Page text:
Original Articles

Variable community responses to herbivory in fire-altered landscapes of northern Patagonia, Argentina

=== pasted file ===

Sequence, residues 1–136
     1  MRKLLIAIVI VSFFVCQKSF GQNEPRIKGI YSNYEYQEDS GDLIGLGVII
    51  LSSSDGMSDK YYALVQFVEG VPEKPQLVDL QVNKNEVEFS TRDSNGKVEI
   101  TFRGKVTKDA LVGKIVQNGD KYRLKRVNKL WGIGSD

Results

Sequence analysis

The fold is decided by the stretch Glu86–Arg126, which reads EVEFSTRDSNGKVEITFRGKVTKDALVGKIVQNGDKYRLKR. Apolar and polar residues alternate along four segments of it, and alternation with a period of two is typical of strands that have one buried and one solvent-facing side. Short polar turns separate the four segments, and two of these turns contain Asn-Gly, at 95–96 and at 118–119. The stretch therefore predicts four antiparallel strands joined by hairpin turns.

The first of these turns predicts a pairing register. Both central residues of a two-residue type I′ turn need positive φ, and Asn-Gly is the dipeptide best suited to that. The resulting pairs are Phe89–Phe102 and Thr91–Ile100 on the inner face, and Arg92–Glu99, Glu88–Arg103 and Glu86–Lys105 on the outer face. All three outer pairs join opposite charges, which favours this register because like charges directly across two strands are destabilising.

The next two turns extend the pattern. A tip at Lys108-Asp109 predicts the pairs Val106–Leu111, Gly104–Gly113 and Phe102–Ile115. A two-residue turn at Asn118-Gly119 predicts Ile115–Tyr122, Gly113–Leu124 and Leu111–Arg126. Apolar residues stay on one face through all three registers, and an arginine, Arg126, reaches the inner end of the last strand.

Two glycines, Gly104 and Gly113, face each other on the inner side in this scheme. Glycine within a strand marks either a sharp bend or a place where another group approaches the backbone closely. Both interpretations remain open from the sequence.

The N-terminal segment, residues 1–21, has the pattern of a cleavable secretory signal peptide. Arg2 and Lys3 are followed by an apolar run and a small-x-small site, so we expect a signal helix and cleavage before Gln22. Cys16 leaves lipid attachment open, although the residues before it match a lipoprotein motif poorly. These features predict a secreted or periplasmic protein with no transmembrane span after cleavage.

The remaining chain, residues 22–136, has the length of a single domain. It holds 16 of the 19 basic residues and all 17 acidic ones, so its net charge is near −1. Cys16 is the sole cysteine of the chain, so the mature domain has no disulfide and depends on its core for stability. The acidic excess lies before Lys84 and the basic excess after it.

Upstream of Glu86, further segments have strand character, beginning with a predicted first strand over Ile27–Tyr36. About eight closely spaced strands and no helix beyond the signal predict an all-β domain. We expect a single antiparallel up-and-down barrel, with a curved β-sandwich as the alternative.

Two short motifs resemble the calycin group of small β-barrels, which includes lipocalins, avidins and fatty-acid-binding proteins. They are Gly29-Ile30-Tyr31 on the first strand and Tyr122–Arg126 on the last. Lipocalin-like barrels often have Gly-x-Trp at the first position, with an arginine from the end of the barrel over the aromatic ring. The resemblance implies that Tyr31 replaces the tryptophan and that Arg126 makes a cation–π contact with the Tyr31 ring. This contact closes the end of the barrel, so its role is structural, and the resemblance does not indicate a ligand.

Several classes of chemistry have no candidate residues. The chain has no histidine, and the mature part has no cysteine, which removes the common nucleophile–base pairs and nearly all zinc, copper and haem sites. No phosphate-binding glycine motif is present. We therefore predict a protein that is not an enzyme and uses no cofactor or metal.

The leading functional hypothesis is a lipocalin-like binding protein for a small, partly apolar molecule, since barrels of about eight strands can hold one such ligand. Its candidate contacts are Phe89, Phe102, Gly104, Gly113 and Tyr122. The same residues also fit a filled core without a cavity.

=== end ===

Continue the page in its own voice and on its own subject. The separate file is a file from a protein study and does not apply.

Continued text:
Landscapes in northern Patagonia have undergone dramatic changes in fire regimes over the last century. Superimposed on this changing vegetation mosaic are impacts from introduced herbivores. In this paper we identify synergistic interactions developing into positive fire-herbivory feedbacks that maximise vegetation change. Analyses of vegetation changes over 30 years at low altitude (c. 800m) montane forest indicates that fire-fragmented forest has coalesced despite relatively heavy grazing pressure. During recent fire suppression, vegetation shifted in dominance from short-lived resprouting species (mostly shrubs) to obligate seed-dispersed trees, some of them requiring initial facilitation by shrubs. Transitions from shrubland and grassland to forest were restricted to c. 20–30m from the nearest forested patches. Beyond this distance, shrublands and grassland are stable in time. In contrast, post-fire responses of high altitude (>1 000m) subalpine forests show a much higher sensitivity to herbivory. Experimental evidence suggests strong fire severity × herbivory interactions affect tree seedling mortality. Severe fires and/or repeated fire create conditions where trees are unable to establish due to unfavorable microenvironments and because fire-opened forests are more heavily used by herbivores. These patterns are consistent with century-long trends of increase in montane forest at the expense of shrublands and increase in shrublands over former subalpine forests.

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